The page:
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Brexit, long a word used on just-auto, finally began this week with the UK’s official triggering of the infamous Article 50; the first time a country has had the temerity to ask to leave the European Union. There sure were some rather surly Eurocrat faces being televised from Brussels but we took a balanced view.

We noted there are some very big uncertainties at work here, because an EU member state negotiating to leave the trade bloc is unprecedented. Countries normally apply to join and that is where negotiations naturally come in, for the terms of accession. The UK’s departure is, effectively, a reversal of the conventional negotiation with a nation-state.

The terms of the UK’s separation are governed by the two-year negotiation which will cover areas such as UK budget commitments to the EU, where the UK-EU lines of post-Brexit cooperation will be and reciprocity in areas like freedom of movement and citizens’ entitlements to things like health care, state benefits and visa-free travel. Officials will certainly be kept busy over some complex and arcane details over the next two years.

The auto industry, of course, wants to keep free movement of people and goods so the expected, oft-repeated, list of demands appeared again. We’ll have the last word: “The terms of the relationship may change, but the EU and the UK will still have to live together. A compromise Brexit trade deal that is liveable with in Brussels and in London is out there, somewhere. Finding it won’t be easy.”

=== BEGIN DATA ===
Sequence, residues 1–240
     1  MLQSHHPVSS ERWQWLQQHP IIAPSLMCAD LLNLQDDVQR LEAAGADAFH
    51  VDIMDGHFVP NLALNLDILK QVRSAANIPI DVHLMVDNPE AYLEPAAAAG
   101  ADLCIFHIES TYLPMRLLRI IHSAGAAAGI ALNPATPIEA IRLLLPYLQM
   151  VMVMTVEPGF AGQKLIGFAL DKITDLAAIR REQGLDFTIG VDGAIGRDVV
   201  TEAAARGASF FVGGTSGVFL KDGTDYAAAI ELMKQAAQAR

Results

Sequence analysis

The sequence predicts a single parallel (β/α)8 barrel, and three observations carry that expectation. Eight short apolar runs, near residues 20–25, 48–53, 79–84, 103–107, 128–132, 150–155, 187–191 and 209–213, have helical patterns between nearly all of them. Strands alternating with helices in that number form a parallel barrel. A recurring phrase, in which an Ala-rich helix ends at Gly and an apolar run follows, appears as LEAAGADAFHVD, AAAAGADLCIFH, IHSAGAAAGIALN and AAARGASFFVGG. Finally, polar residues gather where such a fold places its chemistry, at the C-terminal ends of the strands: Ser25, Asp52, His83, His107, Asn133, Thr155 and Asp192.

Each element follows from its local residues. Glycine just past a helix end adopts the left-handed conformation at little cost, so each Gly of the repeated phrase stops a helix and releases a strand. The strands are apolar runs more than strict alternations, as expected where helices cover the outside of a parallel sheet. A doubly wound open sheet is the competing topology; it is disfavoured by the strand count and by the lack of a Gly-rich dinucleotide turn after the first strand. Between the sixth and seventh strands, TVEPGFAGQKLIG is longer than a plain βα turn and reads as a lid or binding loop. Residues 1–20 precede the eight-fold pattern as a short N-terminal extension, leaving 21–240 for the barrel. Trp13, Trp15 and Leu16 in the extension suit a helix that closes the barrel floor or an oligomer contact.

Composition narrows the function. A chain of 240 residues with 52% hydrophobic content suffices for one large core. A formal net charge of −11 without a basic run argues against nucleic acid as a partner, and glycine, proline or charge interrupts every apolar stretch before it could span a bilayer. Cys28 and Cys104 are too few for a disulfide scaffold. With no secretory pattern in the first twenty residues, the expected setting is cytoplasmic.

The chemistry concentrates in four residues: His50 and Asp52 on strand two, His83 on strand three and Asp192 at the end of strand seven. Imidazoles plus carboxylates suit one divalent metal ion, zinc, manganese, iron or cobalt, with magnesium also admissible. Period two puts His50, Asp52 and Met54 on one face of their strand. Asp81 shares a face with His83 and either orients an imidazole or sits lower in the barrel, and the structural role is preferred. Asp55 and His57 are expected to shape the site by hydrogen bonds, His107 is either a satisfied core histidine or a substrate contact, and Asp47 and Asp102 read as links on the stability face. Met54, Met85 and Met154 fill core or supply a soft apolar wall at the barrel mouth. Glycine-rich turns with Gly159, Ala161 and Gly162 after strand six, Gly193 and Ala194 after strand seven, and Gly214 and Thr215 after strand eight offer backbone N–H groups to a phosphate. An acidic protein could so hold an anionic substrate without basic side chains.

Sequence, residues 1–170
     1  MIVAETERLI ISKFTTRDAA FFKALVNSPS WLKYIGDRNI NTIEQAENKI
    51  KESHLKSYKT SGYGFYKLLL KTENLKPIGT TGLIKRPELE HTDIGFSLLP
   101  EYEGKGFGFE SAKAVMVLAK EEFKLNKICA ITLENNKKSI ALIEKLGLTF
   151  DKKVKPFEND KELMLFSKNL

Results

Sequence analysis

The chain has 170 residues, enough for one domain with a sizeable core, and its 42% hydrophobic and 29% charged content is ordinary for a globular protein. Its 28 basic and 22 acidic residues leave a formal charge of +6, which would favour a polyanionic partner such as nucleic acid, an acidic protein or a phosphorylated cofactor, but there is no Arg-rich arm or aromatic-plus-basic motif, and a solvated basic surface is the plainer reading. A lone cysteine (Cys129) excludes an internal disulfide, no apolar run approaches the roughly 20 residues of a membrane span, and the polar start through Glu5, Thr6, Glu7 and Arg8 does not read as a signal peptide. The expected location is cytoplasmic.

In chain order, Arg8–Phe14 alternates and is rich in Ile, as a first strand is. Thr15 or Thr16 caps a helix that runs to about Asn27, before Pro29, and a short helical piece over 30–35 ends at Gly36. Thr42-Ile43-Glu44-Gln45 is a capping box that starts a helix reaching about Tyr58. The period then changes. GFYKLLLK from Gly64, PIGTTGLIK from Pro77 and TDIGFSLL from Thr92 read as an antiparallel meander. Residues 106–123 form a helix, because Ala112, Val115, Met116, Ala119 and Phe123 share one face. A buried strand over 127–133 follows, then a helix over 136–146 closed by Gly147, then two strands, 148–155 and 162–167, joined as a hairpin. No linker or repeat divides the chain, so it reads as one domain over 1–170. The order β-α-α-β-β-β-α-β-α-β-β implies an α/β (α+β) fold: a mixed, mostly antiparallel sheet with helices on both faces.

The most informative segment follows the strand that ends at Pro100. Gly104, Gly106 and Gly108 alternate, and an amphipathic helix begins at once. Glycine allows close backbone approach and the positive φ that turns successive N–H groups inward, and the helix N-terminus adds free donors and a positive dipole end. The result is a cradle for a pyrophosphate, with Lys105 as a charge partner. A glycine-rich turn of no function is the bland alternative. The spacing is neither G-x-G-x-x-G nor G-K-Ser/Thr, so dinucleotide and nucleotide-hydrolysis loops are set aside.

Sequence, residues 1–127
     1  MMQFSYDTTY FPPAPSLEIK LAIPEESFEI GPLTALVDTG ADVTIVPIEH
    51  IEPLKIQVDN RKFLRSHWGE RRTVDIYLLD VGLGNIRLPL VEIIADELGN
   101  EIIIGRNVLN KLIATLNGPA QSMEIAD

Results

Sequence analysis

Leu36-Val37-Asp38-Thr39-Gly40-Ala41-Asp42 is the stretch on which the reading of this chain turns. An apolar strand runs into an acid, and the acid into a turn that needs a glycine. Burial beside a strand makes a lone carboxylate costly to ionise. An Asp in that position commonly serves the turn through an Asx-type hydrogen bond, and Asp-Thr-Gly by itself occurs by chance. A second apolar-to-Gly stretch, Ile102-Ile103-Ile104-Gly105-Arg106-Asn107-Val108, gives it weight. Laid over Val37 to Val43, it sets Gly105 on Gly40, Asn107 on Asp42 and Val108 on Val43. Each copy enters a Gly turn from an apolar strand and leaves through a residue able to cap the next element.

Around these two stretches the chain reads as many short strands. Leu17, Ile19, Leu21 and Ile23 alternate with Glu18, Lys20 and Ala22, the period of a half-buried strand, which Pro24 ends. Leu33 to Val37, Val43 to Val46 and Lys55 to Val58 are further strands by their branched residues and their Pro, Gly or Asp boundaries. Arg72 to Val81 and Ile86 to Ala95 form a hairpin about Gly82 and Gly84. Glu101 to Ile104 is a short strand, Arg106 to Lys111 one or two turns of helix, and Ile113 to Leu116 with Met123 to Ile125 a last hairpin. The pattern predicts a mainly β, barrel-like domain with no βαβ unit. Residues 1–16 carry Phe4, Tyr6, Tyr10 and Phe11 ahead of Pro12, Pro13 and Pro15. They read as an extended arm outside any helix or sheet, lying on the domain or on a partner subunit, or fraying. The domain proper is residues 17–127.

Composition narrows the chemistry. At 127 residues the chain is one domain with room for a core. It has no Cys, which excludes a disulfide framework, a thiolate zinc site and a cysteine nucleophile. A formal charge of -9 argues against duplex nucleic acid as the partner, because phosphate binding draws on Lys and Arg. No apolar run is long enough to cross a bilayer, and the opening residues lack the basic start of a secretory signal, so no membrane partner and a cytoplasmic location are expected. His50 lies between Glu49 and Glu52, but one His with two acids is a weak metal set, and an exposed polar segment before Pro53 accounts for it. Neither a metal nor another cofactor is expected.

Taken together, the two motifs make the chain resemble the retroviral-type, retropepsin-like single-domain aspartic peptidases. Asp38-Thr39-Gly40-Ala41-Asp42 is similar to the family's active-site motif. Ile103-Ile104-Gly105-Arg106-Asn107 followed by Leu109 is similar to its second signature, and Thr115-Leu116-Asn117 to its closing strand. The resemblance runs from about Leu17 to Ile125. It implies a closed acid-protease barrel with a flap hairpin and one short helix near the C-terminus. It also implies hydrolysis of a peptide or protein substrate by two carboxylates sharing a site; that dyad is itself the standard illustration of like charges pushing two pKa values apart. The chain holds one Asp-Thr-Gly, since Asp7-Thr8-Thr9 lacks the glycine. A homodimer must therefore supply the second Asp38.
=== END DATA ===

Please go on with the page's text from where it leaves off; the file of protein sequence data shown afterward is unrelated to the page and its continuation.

In less contentious territory, I noted with interest Tesla had axed a relatively new, cheaper version of its Model S here in the UK. Clearly, range is more important than price. ‘No substitute for cubic inches’ reigned in the 50s and 60s; is it now ‘no substitute for kWH’ in the 2010s?

Our interview with Magna Steyr covering fuel cells and Slovenia plans drew a large number of readers this week and I took the chance to chat with BMW’s digitalisation chief, the man who casts a steely gaze over start-ups the automaker might be considering buying. Still in Germany, we took a look at VW’s work on future materials and the automaker also appointed a (brave) new brand compliance head.

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Live from Korea, we reported on Ssangyong’s ambitions, from Germany on ZF’s position on rising protectionism and, from Spain, on Kia’s new baby.

Analysis of future models also continues – we have just published scrutiny of Nissan’s Infiniti plans. Break out a coffee and enjoy.

Have a nice weekend.

Graeme Roberts, Deputy Editor,